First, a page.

Legislature(2017 - 2018)BUTROVICH 205

03/14/2018 03:30 PM Senate RESOURCES

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03:30:03 PM Start
03:30:51 PM Confirmation Hearing(s): Commercial Fisheries Entry Commission
04:18:20 PM Adjourn
* first hearing in first committee of referral
+ teleconferenced
= bill was previously heard/scheduled
+ Consideration of Governor's Appointees TELECONFERENCED
Commercial Fisheries Entry Commission:
-Commissioner Designee Dale Kelley
-Commissioner Designee Vance Fate Putman
-- Public Testimony on Appointees --
                    ALASKA STATE LEGISLATURE                                                                                  
              SENATE RESOURCES STANDING COMMITTEE                                                                             
                         March 14, 2018                                                                                         
                           3:30 p.m.                                                                                            
MEMBERS PRESENT                                                                                                               
Senator John Coghill, Vice Chair                                                                                                
Senator Natasha von Imhof                                                                                                       
Senator Kevin Meyer                                                                                                             
Senator Bill Wielechowski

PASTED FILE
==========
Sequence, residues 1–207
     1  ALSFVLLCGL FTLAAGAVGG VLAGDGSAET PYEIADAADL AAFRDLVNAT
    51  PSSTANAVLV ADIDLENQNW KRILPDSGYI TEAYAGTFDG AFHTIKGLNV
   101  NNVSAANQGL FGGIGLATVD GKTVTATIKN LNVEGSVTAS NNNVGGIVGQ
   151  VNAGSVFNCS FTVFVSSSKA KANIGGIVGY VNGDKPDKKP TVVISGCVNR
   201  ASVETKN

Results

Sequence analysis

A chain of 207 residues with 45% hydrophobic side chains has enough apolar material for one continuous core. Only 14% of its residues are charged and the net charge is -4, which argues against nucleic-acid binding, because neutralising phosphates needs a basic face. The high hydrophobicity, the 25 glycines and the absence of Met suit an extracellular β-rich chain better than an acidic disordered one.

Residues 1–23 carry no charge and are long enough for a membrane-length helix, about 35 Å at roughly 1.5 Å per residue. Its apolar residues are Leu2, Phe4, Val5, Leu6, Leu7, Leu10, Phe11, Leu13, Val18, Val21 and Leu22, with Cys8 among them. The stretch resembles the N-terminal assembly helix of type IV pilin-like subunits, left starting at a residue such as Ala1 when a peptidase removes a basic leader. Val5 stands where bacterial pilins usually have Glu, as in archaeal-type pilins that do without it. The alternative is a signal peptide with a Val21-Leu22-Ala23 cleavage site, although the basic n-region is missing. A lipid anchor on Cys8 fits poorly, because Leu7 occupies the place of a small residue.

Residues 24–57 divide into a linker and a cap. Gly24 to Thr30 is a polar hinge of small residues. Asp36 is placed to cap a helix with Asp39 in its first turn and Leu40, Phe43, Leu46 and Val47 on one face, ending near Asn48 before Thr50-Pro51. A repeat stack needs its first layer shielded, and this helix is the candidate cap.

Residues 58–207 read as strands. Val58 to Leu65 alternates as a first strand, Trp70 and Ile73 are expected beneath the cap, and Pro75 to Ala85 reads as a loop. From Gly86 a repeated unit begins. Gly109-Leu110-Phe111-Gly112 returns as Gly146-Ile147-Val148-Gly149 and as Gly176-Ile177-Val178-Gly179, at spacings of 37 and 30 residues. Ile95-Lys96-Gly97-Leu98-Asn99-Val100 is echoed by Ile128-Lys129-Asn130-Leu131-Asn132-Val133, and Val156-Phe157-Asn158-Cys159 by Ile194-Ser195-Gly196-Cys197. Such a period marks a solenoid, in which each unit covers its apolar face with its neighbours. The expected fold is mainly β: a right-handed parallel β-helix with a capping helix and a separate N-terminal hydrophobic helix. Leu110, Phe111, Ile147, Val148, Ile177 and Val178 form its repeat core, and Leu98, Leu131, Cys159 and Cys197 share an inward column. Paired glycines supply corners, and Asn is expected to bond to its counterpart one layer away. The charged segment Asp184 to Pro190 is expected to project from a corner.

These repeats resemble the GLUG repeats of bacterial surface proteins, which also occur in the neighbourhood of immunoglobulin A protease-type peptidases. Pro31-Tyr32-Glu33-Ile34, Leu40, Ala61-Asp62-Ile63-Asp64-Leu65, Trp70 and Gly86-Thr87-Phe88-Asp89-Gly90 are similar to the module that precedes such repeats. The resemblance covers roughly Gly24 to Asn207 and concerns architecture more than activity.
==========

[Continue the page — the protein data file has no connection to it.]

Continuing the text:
Senator Click Bishop                                                                                                            
MEMBERS ABSENT                                                                                                                
Senator Cathy Giessel, Chair                                                                                                    
Senator Bert Stedman                                                                                                            
COMMITTEE CALENDAR                                                                                                            
CONFIRMATION HEARING(S):                                                                                                        
Commercial Fisheries Entry Commission (CFEC)                                                                                  
     Vance Fate Putnam                                                                                                          
     Dale Kelley                                                                                                                
     - CONFIRMATIONS ADVANCED                                                                                                   
PREVIOUS COMMITTEE ACTION                                                                                                     
No previous action to record                                                                                                    
WITNESS REGISTER                                                                                                              
VANCE FATE PUTNAM, Commissioner Designee                                                                                        
Commercial Fisheries Entry Commission (CFEC)